The first skein I wound into a ball, was a tangled mess. The other skeins have not been any trouble, however. Not only was the first skein tangled, but my swift chose that exact moment to stop working properly. I’d tighten it, and it would turn a half turn before collapsing. It would not hold my yarn properly so I could ball up the skein.

In the end, the bit that holds the umbrella part open is just a wooden screw. The very tip of the screw presses against the dowel which is the center pole of the umbrella. Well, the dowel got really really slippery from all the use and abuse I give it. And the little tip of the screw was actually shiny (porous wood, but not porous any more). It just would slip no matter how much I tightened it. I got out some coarse sandpaper and roughed up both the dowel and the screw tip, and it’s working well again. Whew!

The sweater fabric looks very pretty, it reminds me of leopard spots in blue rather than brown. Although I must say that sometimes I fall in love with the back side of the fabric. Is there anyone else who often prefers the reverse/bumpy side of stockinette to the flat side? Especially when it’s a multicolored yarn?

I love how the colors blend so well together with “purl bumps” alternating on the back. In this case, the funnel neck would roll wrong if I wore it purl side out, but I did consider that for a short while.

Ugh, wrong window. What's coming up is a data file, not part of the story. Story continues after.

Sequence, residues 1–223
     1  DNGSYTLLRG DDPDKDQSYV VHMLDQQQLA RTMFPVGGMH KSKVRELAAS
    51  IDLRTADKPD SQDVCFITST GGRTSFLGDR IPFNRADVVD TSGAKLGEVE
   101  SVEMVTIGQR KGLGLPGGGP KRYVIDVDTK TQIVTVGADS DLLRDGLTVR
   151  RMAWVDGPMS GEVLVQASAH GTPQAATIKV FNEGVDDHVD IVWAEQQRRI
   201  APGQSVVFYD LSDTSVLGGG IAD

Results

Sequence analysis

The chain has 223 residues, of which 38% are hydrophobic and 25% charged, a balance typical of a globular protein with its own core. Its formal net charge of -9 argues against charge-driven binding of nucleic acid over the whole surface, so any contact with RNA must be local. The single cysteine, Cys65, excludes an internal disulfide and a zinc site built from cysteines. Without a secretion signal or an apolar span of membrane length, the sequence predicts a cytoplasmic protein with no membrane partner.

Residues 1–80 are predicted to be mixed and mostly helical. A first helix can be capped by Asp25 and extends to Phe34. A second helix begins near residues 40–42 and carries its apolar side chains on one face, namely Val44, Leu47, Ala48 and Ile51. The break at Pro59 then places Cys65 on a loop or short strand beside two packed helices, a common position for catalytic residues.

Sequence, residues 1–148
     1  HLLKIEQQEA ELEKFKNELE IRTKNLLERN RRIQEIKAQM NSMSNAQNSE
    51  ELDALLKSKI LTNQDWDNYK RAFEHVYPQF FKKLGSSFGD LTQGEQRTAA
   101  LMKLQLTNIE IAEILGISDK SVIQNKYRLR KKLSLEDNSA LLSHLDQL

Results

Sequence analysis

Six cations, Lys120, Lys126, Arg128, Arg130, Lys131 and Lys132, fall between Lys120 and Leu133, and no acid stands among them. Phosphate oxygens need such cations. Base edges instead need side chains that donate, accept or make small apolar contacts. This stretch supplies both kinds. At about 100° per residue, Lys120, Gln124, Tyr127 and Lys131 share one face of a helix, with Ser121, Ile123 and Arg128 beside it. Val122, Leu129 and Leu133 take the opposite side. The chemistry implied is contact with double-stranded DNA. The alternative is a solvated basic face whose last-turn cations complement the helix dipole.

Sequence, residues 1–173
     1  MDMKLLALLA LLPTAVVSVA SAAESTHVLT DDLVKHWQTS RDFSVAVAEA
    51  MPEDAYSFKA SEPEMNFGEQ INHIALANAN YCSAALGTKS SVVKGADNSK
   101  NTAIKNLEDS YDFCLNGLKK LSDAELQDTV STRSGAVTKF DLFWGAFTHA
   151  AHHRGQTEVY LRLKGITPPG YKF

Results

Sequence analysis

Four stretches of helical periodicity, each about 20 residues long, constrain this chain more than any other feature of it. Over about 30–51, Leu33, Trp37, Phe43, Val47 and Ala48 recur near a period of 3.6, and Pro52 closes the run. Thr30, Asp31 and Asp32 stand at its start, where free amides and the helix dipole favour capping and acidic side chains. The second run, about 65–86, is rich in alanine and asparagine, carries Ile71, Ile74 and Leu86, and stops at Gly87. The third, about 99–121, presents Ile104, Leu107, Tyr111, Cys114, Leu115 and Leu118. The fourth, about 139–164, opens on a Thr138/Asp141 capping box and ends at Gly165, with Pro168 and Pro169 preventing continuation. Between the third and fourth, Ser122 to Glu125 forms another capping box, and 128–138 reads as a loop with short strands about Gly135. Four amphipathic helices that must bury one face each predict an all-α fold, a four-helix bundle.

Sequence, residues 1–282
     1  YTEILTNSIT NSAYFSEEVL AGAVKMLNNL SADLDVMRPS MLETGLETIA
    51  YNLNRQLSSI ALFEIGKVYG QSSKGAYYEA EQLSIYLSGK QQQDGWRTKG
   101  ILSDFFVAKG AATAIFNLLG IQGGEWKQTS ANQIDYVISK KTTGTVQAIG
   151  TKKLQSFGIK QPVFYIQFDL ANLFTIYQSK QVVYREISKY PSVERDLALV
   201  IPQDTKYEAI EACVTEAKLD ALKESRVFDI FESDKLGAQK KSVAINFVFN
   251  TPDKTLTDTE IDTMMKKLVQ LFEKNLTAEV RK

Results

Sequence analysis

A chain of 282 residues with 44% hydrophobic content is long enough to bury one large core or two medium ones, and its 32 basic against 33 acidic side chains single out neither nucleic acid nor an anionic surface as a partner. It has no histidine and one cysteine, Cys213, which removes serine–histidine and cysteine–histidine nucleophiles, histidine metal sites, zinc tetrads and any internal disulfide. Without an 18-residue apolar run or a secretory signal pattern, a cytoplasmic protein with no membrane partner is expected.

I have an allergist appointment at the awful hour of 8am tomorrow. That means I can’t stay up till the wee hours finishing the sweater pieces. It could be SO fun to do just that!

But I tell you, I’ve had far too many short nights this last week. I always say you can’t buy passion, and this week I’ve been too into my work at night to go to sleep… until I can’t keep the eyes open any more. Now tonight after days of that, I’m dragging at 11:30pm! Usually I’m up until something more like 2am. Somehow lately I can not sleep past about 9:30am, regardless of when I go to sleep. Therefore, I need to start “hitting the feathers” earlier than I’ve been doing in the past.

Photos: 1) Yarn looking innocent in packaged hanks. 2) Yarn showing its mean side on the uncooperative swift. 3) My Singer hobby machine set up in the kitchen (a great excuse to not cook, as if I need one). Under the table is a drawer unit full of polymer clay, unhappy because I am ignoring it.

My house is usually much messier than this, so this is the closest you will get to a photo of my favorite knitting chair. I usually don’t handknit much at home, anyway… but if I do, it’s usually at my desk (piled first with papers and on top of that, yarn). I never was a Suzy Homemaker, but at least I’m good at making pretty things.

(Actually, when I’m lucky I knit on the couch, feet up sideways, propped with pillows and wrapped in my Ethiopian cotton blanket (gahbi)… and in the summer I knit in the hammock when at all possible, but summer is too short here!!!